Work environment and culture can, in some circumstances, be triggers for stress and mental distress. But Peppiatt suggests that there are lots of solutions. The key is taking ownership, “I think senior buy-in is very important so that an employee feels that this isn't just a flash in the pan; this is something that their employers are taking seriously and is going to be sustained.”
Ways to encourage wellbeing might include:
What is a WRAP?
It is a relatively new and innovative tool that adopts a mature attitude to mental health. The Wellness Recovery Action Plan is an evidence-based system that is used world-wide by people who are dealing with mental health and other kinds of health challenges, and by people who want to attain the highest possible level of wellness. It's a personalised document which identifies personal triggers of stress and what support the employee may need to ensure positive wellbeing is maintained. Importantly, they are written by the employee themselves when they are healthy and have positive wellbeing.
Peppiatt elaborates, “Essentially they are a really good tool that employers can use to promote a culture that supports staff productivity and wellbeing but also gives a clear message to all staff that they are aware that they need to look after their wellbeing too. Where an employee does choose to share it with their line manager and it's entirely up to them, it can give that manager a head's up and it normalises the process of dealing with a problem, like the way you would respond to someone with a physical ailment.”
One employee who has completed their WRAP said, “I think it was s a really helpful process. It was completely optional and it was a nice process to go through for myself; to think through what support works for me and how would I like to be dealt with in an acute situation.”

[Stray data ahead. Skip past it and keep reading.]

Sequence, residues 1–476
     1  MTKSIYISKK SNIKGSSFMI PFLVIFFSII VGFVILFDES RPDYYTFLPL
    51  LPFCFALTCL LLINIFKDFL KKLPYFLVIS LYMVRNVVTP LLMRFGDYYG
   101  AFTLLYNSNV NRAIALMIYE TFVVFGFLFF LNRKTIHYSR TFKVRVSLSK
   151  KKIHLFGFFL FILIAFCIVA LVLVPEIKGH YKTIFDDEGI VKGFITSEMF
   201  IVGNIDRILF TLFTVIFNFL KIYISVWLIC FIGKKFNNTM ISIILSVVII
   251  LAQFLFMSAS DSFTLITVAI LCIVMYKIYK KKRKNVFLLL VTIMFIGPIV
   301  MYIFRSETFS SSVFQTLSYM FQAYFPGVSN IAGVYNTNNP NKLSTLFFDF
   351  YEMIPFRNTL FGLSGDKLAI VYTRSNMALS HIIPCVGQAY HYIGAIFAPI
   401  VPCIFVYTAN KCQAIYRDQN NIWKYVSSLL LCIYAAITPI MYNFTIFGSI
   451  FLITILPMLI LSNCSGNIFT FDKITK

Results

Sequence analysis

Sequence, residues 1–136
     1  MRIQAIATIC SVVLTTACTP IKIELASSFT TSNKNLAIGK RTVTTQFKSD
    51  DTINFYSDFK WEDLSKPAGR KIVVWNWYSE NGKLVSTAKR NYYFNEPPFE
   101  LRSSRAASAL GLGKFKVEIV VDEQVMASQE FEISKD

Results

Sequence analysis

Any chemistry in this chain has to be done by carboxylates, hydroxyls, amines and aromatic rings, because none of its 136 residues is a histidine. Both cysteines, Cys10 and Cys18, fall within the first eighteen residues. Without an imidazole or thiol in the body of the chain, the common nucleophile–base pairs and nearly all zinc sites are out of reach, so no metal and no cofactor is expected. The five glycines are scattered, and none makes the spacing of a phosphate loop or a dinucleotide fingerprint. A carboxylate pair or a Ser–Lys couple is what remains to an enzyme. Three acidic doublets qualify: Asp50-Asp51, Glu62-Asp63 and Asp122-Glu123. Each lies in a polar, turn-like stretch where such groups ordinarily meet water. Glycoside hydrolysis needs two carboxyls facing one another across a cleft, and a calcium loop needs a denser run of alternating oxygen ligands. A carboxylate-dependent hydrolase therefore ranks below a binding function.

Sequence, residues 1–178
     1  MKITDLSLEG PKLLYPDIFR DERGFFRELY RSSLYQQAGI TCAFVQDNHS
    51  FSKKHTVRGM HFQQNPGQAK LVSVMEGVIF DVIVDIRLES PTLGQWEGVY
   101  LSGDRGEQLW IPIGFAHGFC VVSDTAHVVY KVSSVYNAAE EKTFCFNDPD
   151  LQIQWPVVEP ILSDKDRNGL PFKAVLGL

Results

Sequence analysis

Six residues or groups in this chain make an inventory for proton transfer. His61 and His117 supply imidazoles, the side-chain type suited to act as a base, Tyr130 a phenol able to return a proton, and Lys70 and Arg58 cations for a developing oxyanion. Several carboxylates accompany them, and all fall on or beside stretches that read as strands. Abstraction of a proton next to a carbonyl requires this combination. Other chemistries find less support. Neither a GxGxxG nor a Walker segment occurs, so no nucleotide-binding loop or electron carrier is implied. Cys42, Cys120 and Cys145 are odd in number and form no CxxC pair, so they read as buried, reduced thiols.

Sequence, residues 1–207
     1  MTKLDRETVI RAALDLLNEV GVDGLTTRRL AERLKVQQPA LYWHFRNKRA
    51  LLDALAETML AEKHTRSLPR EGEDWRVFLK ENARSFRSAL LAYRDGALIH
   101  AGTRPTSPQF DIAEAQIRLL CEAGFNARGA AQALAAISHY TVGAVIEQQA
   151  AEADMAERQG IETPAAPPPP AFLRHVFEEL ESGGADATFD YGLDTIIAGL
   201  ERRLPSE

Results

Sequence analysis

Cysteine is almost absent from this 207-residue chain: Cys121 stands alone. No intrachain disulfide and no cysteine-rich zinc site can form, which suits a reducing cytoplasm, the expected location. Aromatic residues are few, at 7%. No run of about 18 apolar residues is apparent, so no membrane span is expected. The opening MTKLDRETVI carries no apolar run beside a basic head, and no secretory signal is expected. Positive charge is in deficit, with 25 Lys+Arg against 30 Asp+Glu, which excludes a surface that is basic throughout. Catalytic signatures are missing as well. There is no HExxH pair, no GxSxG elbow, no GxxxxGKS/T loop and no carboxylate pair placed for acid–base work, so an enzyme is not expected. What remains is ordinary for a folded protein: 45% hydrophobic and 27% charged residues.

It supports the personal approach to mental health; what works for one person isn't necessarily going to work for the next. Peppiatt believes this tailored approach can reduce the time delay if the person themselves has provided guidance on their preferred methods of health and treatment. She believes it is a really good preventative tool as well. More information about Wellness Recovery Action Plans can be found here: http://www.mentalhealthrecovery.com/.
Case Study 1: E.ON
E.ON, one of the UK's leading energy companies, recognised that mental health can be a really difficult issue to address. After taking the Time to Change organisational pledge they realised that they needed a really innovative approach to getting staff talking about the subject. This developed into the Headway program, which is an all inclusive program for staff.
E.ON set themselves 4 very clear objectives for the program:
1 - reduce the stigma of mental health within the workplace
2 - to reduce the risk of work related mental health issues
3 - to provide mental health awareness training to line managers and staff
4 - to provide support to those who those who have mental health problems.
The programme involved running road shows across all their office sites, to reach all staff. They also transformed a garden shed into what they called the 'Head Shed', set up in communal areas which provided an area of focus to their campaign. Where individuals could meet socially and learn, they posted information and resources on mental health in the shed and used Time to Change materials. Staff could also leave anonymous tips and comments related to mental health issues. This also accompanied very positive series of activities around mediation, stress busting as part of these roadshows to encourage staff to look after their own mental wellbeing.